I wanted to share with all of you a brief passage from a book I came across this week by the Jewish Theologian Abraham Heschel.  It says this:

As civilization advances, the sense of wonder declines.  Such decline is an alarming symptom of our state of mind.  Mankind will not perish for want of information; but one for want of appreciation. The beginning of our happiness lies in the understanding that life without wonder is not worth living.  What we lack is not a will to believe but a will to wonder.

Isn’t that true?  Hasn’t something about our life in the 21st century extinguished our wonder?  Hasn’t the invention of i-phones and Wikipedia and Netflix sucked something of our souls out because it makes us feel like there’s nothing left to discover on our own?  Instead we’re just shown any-and-everything through the medium of a screen.  And isn’t that just what’s missing –a sense of being connected.  A sense of being connected to the vast and profound awe that accompanies an authentic experience of being alive?

Just think about the eclipse that happened a week or so ago: thousands of people around the world decided to stop and re-arrange their busy schedules and lives just to look up at the sky! And for a moment, some of them had it –this sense of the vastness and the grandness of creation.  For just one moment, they could look up and be direct witnesses of the swirling cosmos in motion, and right there in that moment they had the chance to wonder. To wonder about the forces that brought huge spheres of mater into alignment.  To wonder about the reaches of space that remain unseen.  To wonder if life could exist as anything more that just this –this tiny, sheltered world we so often feel trapped in.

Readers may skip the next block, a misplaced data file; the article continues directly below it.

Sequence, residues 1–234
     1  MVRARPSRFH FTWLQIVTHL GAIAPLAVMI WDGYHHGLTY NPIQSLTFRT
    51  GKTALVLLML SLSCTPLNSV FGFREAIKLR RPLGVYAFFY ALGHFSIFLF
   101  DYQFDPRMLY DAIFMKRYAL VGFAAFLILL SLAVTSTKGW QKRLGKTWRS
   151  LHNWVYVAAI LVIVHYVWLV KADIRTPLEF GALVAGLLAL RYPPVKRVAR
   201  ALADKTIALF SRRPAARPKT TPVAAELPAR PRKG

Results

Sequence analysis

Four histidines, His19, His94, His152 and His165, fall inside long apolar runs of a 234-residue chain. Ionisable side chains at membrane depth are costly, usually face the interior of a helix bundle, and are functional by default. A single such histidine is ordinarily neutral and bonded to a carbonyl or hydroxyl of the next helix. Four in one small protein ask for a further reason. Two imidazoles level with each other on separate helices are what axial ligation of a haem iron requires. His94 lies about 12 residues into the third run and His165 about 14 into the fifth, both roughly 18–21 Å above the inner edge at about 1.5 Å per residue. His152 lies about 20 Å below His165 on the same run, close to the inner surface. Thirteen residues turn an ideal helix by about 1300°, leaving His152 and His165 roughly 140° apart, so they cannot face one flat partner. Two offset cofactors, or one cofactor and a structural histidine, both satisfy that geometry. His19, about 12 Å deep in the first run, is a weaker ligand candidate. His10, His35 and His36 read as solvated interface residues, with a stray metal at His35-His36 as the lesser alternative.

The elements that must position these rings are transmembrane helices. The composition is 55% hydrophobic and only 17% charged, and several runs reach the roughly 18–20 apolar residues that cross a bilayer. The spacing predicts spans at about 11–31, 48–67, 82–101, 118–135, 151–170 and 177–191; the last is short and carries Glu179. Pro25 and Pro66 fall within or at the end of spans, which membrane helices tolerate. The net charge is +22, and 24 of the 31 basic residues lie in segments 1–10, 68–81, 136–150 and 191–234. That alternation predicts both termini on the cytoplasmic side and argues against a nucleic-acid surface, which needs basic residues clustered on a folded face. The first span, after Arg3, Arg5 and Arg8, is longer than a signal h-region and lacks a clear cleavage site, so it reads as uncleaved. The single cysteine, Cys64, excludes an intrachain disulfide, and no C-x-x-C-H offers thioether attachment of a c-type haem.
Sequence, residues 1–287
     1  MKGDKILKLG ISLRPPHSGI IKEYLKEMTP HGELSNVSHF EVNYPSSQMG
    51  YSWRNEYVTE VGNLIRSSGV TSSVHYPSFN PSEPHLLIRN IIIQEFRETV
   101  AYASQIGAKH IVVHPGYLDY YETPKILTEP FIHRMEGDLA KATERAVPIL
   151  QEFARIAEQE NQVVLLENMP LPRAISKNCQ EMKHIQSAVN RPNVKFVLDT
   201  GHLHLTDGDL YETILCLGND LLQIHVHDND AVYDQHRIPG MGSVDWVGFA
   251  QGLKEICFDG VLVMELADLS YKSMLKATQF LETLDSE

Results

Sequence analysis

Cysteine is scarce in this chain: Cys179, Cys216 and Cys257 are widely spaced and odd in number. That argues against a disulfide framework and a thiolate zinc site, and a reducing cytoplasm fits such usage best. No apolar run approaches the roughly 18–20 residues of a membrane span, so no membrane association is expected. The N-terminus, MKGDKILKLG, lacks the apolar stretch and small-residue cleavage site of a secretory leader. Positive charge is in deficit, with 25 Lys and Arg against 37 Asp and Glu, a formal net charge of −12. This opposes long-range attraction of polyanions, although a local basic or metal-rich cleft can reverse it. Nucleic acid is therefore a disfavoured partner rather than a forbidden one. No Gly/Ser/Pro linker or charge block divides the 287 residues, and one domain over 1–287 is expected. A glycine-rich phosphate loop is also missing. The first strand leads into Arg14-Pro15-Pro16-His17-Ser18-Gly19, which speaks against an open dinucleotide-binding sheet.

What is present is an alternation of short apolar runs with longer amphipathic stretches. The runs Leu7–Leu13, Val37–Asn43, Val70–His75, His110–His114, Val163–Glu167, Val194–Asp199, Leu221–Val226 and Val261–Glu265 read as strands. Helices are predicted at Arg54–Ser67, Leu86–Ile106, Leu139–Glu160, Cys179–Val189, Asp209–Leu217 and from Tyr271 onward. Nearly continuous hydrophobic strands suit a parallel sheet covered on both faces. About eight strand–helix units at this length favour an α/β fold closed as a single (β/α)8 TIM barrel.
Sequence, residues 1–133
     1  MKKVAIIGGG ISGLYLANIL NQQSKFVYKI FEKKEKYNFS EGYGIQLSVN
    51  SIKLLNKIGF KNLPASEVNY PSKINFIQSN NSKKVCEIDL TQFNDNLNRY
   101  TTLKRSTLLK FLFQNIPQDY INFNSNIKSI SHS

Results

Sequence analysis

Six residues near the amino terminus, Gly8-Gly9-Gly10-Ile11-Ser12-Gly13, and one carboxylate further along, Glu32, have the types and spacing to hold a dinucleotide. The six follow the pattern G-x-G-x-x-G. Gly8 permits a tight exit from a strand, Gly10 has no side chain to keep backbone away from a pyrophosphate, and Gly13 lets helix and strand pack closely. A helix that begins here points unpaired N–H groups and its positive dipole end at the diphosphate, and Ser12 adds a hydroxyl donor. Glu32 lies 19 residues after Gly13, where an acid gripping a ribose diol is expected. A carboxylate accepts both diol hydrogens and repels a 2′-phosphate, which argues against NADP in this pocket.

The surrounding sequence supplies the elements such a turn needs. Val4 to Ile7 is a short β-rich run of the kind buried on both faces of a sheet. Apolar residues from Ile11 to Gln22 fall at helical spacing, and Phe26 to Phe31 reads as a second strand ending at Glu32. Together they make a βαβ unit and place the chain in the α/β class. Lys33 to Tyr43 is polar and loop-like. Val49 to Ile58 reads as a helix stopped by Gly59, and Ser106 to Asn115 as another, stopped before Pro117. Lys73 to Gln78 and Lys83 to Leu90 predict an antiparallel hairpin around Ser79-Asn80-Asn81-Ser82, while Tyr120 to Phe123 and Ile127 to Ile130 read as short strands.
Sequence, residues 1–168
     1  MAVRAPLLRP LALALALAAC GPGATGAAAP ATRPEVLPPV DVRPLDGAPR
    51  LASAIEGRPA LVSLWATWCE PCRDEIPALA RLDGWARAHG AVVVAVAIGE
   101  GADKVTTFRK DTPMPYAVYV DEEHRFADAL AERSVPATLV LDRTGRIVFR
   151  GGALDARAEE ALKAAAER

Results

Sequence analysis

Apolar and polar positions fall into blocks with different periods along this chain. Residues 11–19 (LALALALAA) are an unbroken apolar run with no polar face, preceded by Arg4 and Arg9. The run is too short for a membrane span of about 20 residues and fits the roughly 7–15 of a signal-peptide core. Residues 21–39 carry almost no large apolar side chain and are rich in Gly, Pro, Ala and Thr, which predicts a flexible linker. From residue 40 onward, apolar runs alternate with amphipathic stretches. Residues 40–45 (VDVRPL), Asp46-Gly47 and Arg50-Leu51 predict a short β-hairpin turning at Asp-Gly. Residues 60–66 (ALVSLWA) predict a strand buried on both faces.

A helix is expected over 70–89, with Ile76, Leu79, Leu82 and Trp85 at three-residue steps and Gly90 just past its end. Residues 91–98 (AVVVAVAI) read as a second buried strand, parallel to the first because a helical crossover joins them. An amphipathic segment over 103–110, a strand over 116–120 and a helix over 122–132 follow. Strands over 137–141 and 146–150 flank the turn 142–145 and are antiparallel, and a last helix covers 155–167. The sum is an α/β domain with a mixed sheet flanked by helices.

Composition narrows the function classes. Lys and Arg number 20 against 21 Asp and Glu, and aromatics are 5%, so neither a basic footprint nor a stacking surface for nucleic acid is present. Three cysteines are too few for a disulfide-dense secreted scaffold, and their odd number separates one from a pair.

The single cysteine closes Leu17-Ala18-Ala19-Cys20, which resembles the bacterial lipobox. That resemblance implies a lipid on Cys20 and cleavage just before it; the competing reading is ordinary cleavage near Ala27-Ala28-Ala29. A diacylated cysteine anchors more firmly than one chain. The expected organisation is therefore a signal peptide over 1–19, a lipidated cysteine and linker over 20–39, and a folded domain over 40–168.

Isn’t that precisely what we wouldn’t even dare to hope for out of our time here together?  An invitation into excitement?  Aren’t we all craving an embrace of a life of true significance?

Think about it for a moment: when was the last time your heart practically burst with delight?  When was the last time you felt giddy, like a kid who tries pizza for the first time, and you get to see their face spontaneously bloom as if to say: ‘what kind of joy-sorcery is this?’ When was the last time you gave yourself space and permission to be amazed at a sunset, or the migration of butterflies, or at watching a child learn and grow?

When was the last time you felt alive, like there’s something fantastic and sublime going on beyond the routine surface of things?

If it’s been a while, it’s probably because you’ve let your own life become a little bit too familiar. So maybe it’s time.  Maybe it’s time for you to be unsettled.  Or maybe it’s time for you to embraced the state of unsettledness that is your life.  Because God is waiting right there, beneath the surface and around the corner to show you something.  And we don’t need to wait for any spectacular, once-in-a-lifetime moments; but the promise of our tradition is that absolutely each and every new moment is a chance for wonder.

This morning, we remember the life and example of Jesus –who had no home, but who was fully alive because he loved.  And he had courage.  He didn’t shy away from his mission and his calling, even though they threatened his life.  Before his life was taken from him, he passed his blessing on to his disciples, with a holy mystery. [Communion]